Dr. Reed then testified about Sawyer's institutional adjustment, which refers to how a person behaves in the prison system. Sawyer had fifty-seven total infractions, twenty-one of which were major infractions. None were of a sexual nature, but he had a hard time following the rules, even in a structured setting. Sawyer completed a nine-month sex offender treatment program while in prison. He entered the program in December 2015. The treatment records indicated Sawyer lacked insight or understanding of why he did what he did and how not to do it again. Dr. Reed herself also noticed a lack of insight. Sawyer repeatedly said to Dr. Reed that he engaged in the behavior because he was bored or stressed. He denied that he is sexually attracted to children. Dr. Reed indicated that it is hard for someone to make a plan not to repeat behavior if he does not acknowledge a key component of why he engaged in the behavior.
Dr. Reed testified that in her opinion Sawyer suffers from a behavioral abnormality that makes him likely to engage in the predatory act of sexual violence. According to Dr. Reed, Sawyer's risk level to commit a predatory act of sexual violence is that of the small but dangerous population of sex offenders the law in question was meant to address. Dr. Reed stated she believed he had the behavioral abnormality and was likely to reoffend. She stated that opinion was consistent with Dr. Varela's.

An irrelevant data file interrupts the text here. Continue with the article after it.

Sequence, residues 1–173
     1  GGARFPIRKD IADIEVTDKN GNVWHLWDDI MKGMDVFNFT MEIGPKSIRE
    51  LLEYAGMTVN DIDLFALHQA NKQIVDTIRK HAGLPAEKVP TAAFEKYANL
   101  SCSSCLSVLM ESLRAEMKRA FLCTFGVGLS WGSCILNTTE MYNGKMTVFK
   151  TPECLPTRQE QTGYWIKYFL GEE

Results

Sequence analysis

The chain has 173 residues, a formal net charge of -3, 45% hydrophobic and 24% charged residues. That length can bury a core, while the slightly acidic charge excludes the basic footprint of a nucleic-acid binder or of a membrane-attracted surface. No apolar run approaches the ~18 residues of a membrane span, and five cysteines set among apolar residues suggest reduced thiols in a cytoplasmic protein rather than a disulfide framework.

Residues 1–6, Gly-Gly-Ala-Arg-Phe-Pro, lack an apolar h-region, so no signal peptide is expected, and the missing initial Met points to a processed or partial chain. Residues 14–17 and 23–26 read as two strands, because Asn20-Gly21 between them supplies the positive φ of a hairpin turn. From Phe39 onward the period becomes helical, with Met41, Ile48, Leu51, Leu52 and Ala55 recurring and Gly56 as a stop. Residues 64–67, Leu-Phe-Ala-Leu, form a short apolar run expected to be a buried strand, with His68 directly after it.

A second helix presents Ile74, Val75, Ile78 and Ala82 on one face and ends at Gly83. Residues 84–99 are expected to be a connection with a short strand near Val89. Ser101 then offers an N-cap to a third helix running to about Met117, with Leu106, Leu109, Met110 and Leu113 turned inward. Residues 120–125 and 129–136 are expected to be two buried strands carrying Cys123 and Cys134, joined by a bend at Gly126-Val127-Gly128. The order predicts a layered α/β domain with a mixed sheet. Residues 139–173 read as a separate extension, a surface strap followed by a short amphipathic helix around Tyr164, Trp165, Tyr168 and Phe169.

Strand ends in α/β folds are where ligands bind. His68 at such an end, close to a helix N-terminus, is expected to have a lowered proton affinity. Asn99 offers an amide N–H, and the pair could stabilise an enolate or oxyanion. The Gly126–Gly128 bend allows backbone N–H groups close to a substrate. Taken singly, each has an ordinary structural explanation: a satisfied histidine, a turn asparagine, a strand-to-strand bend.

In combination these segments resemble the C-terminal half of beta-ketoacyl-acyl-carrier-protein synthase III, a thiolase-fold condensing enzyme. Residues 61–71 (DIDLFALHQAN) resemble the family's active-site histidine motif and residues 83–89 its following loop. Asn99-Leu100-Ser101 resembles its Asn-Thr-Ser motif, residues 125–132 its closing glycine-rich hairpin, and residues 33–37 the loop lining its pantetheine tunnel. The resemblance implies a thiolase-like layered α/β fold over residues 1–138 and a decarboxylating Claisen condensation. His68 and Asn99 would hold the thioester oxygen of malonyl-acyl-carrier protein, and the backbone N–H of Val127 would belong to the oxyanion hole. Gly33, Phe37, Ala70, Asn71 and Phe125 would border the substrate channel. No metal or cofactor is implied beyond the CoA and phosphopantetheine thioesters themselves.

On cross-examination, Dr. Reed testified that Sawyer had not completed treatment at the time she interviewed him. She did not meet with him again after he competed the program. In addition, Dr. Varela met with Sawyer prior to sex offender treatment. Dr. Reed testified that Sawyer got a score of "Good" for his overall participation in the treatment program.
Defense counsel asked about Dr. Varela's evaluation. Since the time Dr. Varela evaluated Sawyer, there had been thousands of pages of records in the case. Dr. Reed did not know if Dr. Varela had a chance to review those records, which included things such as notes from sex offender treatment and Sawyer's completion certificate. Defense counsel asked Dr. Reed about differences in their scoring of the STATIC-99R test.
Sawyer was granted parole and Dr. Reed had reviewed the records from the parole process. The Board of Pardons and Paroles performed a risk assessment on Sawyer. Sawyer passed the risk assessment and the Board found that he could be released as long as he completed the sex offender treatment program. The parole board does not do a behavioral abnormality assessment.